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oil drain plug
#1
Hello,

      Have a 73 Vert with 351 C.  Have owned the car for 5 years and have always noticed that the oil drain plug was a little difficult to reinstall, felt slightly cross threaded. Most recently, it seemed worse and I really had to work with the plug to get it back in.  I torqued to specs and noticed the other day that it is leaking just a little. Seem to remember using a replacement oil plug back in the 70's that was a little larger and sort of cut new threads in the pan and then had a smaller drain plug inside of it. 

       Any suggestions on how to correct this ?  Could I cut new threads in the pan ? Someone suggested getting a brand new drain plug and trying that to see if it corrects the threads in the pan.  Thanks very much !

steve
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#2
The plastic washer should be the sealing point not the threads. The threads pull the plug tight against the plastic washer to seal it.


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David
[+] 1 user Likes Carolina_Mountain_Mustangs's post
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#3
The problem with the oversize self-threading drain plugs is in getting them started straight so the flange is parallel to the pan, so the gasket fits flush against the pan.

Someone likely got yours cross threaded and the last time you installed it it followed the cross threads. It seems like it's always easier to get a nut or bolt started in the cross-threads than the straight ones. If they were crossed, it weakens the straight threads, so it's easy to strip them.

There's a repair kit with guides, a little expensive, but more likely to get the job done right:
https://www.toolsid.com/lisle/lisle-oil-...9535357969

There's also one that require welding a new bung on the outside of the pan:
https://www.macsautoparts.com/ford_mercu...50c22bbe3b

The oversized ones are still available, as well as a rubber screw in plug on a toggle bolt.

The best way, but not easiest, that I've found is to weld or braze a nut on the inside of the pan, after tightening it to the pan with a bolt.



“If you can't explain it simply, you don't understand it well enough.”
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#4
Several years ago, I took my Mustang to a local oil change shop (the last time I took my car to an oil change shop) and the "monkey" underneath stripped the plug threads in the pan. They had their mechanic re-tap it with a metric thread (15mm?) and installed a new plug with a steel and rubber sealing washer. That held up until I had to have the motor rebuilt when a new insert was welded in. I still used the steel and rubber washer as I have found that far superior to the plastic one. No leaks whatsoever.
Geoff.

I learn something new every day!
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#5
(09-25-2019, 07:52 AM)Stanglover Wrote: Several years ago, I took my Mustang to a local oil change shop (the last time I took my car to an oil change shop) and the "monkey" underneath stripped the plug threads in the pan. They had their mechanic re-tap it with a metric thread (15mm?) and installed a new plug with a steel and rubber sealing washer. That held up until I had to have the motor rebuilt when a new insert was welded in. I still used the steel and rubber washer as I have found that far superior to the plastic one. No leaks whatsoever.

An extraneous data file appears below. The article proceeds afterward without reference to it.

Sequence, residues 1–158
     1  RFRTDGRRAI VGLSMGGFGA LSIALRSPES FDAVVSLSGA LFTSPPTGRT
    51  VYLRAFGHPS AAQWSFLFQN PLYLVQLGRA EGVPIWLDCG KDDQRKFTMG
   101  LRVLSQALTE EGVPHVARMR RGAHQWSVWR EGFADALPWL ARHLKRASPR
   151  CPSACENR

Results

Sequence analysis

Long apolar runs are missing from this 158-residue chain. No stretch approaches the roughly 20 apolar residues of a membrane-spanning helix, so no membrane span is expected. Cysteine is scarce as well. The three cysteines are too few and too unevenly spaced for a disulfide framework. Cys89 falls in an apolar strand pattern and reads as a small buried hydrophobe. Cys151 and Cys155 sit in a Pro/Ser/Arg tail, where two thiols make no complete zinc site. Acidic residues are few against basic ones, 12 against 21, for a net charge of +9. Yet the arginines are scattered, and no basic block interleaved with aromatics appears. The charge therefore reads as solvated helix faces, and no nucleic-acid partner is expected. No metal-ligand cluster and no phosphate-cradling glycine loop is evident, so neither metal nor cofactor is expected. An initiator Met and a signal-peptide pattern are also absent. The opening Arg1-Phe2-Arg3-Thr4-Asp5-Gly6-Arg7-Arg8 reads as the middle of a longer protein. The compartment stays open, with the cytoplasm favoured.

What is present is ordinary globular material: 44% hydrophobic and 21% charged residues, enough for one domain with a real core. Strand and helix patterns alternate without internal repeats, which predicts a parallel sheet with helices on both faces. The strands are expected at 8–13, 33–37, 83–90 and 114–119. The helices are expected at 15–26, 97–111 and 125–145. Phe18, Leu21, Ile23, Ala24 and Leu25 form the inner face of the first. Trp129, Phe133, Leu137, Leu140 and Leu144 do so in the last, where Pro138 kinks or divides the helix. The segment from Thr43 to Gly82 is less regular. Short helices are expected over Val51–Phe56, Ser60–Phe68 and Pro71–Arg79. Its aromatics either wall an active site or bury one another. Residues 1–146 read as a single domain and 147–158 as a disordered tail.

Geoff.
Thanks to all for the info.  Appreciate it !
steve
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#6
(09-25-2019, 01:32 PM)naa10104 Wrote:
(09-25-2019, 07:52 AM)Stanglover Wrote: Several years ago, I took my Mustang to a local oil change shop (the last time I took my car to an oil change shop) and the "monkey" underneath stripped the plug threads in the pan. They had their mechanic re-tap it with a metric thread (15mm?) and installed a new plug with a steel and rubber sealing washer. That held up until I had to have the motor rebuilt when a new insert was welded in. I still used the steel and rubber washer as I have found that far superior to the plastic one. No leaks whatsoever.
Geoff.
Thanks to all for the info.  Appreciate it !
steve
 I tried to find a pic of the sealing washer I have, but none I found were exactly the same and I don't have a spare. However if you can picture it in your mind, it is sort of a castellated steel washer with a rubber center molded in. Hope that makes sense. If you can't find anything like that there are other steel/rubber ones listed for oil plug washers.

I learn something new every day!
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#7
You can also use a copper washer, and most auto parts stores have these in various sizes. That's what I used in all of my classic vehicles. They are also re-usable for a number of oil changes.

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http://midlifeharness.com

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#8
(09-25-2019, 06:10 PM)midlife Wrote: You can also use a copper washer, and most auto parts stores have these in various sizes.  That's what I used in all of my classic vehicles.  They are also re-usable for a number of oil changes.
 True, but I feel that if the thread is already stressed, the pressure to seal a copper or even plastic washer might be too great and eventually do more damage. The rubber one I describe also is reusable for a couple of changes at least. 
Just my thought on it.
Geoff.

I learn something new every day!
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